Our pace, after the final intersection and two-and-a-half miles from the finish, steadily increased from 24-mph to a crescendo of more than 30. We’d smashed through the 23-mph barrier miles ago, but at 30-mph, there just isn’t time to think about anything but staying with the pack. I’d wanted to go for the sprint, after skipping the intermediate sprint to help keep the pace up, but it just wasn’t in the cards. The tandem couple in front of me tapped out at 27-mph about 750′ yards before the finish – which meant too long a turn up front for me.
Rather than try to ease the pace, I took the job of lead-out. I put the hammer down and raised the pace from 26-ish to better than 30 before I flicked out just before the normal start of the sprint. I rolled over the line at 27-mph with a 23.2 average – our fastest yet, Tuesday night for the B-Group.
We rode just over 28 miles in only 1h:12m:36s (moving time – elapsed time was 1:12:47).
I can’t recall if there was a moment during the entirety of that hour and twelve minutes that I wasn’t smiling, but I don’t think there was. It was hi-fives and fist-bumps all around when we got back to the parking lot. Even a few handshakes. Those who were able to hang on to the end had to work hard together to make that happen. It was most excellent to be a part of it.
Trigger (heh) warning; I’m going to break the number one rule of cycling with friends in this post, but for good reason, and for the last time… I’m going to drop it. You have been trigger (heh) warned.
I was all set to strike against Specialized’s hitching itself to the Global Climate Strike, a movement advocating the destruction of the planet. Calling for an end to fossil fuel use by 2025 would require the planet be blanketed with solar panels and wind turbines to supply enough power to keep everything from reverting back to the stone age – the earth, blanketed by “clean” energy implements would mean an end to most life on earth – let’s just suffice it to say the movement wasn’t thought through very well.).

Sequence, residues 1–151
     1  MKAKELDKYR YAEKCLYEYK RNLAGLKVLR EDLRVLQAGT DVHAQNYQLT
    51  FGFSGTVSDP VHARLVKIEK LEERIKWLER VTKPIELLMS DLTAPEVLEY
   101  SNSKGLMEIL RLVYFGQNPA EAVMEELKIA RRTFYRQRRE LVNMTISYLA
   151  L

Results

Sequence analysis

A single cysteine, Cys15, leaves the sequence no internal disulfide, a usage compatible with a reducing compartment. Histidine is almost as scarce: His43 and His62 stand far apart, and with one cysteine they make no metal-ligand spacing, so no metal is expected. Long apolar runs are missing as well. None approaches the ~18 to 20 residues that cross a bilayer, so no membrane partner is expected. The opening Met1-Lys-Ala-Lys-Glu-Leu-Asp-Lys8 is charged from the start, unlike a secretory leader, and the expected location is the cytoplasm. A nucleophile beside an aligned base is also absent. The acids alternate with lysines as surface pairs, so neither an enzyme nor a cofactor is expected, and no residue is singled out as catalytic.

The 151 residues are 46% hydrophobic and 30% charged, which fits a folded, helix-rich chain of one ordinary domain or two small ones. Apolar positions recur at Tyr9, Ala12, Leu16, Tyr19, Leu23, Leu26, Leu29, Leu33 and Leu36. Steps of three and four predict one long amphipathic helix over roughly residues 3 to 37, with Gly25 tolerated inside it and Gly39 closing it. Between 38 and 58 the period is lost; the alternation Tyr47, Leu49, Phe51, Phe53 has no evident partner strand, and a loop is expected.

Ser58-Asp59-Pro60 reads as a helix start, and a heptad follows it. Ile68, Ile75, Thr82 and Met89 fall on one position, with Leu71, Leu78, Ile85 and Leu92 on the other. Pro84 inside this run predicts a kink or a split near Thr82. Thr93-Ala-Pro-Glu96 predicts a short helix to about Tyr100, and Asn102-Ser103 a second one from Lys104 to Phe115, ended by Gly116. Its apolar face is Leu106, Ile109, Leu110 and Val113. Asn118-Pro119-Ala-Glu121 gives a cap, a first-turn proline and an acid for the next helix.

I’d taken the wheels off my Specialized Venge and set it in the corner. I was all set to cover all the Specialized logos on my other bikes with tape, and I was going to make a stink about their idiocy on this blog, regularly. How dare Specialized hitch themselves to an ignorant political movement and f*** up my enjoyment of such a fine bicycle… and mess with the number one rule of riding with others; no politics on bike rides.
However, I had an epiphany on my buddy’s birthday ride; I was invariably breaking the rule myself. I already had, and more than once. Even though I was frustrated, I was dragging my own righteous indignation into bike rides. While I wouldn’t try to equate guilt, because Specialized’s infraction is so egregious it boggles the mind as to what they were thinking, I have to look at my part in this sordid little tale because my part is the only part I can really do anything about.
I quietly put my Venge back together Sunday afternoon.
I don’t know how I’ll take action in the matter, I’ve got a few ideas floating right now, but in the end, I’ve gotta obey the golden rule; I can’t drag politics into bike rides. As I mentioned in a previous post, we need some things to be devoid of politics because the issues, especially this one, are so badly misused and abused by special interests and politicians it’s almost impossible to have an intelligent conversation with a true believer. We need refuge so we can remember what’s most important about being human – that we work best together, that we need each other, it’s important to rely on each other, and better, why we need to care for each other.
I can’t very well do that by pointing out reality to Kool-Aid drinkers on a bike ride, either. They’re normally too lost in their own hate-filled ignorance to see an issue clearly, anyway. Worse, everyone else, who would rather not be dragged into that mess, gets sucked in. Who would want to spend their weekend free time like that? Not me, so I’ve gotta stow that $#!+. Put simply, I’ve gotta make my peace with it and leave it be. If someone brings up the Specialized kerfuffle, all I have to do is explain my bike was bought long before they advocated for an end to life on Earth, and other than pointing out that simple reality, I’m not getting any deeper into politics on a bike ride.
That said, I don’t find myself particularly wanting a new “woke” bike, either. I prefer a manufacturer that just sticks to making bikes.
Finally, if you want to know how a Climate Crisis is created, watch this:
After listening to Greta Thunberg address the UN, my worst fears have been realized with that poor, brainwashed kid. She’s a true nutter and probably doesn’t even know that she’s being played.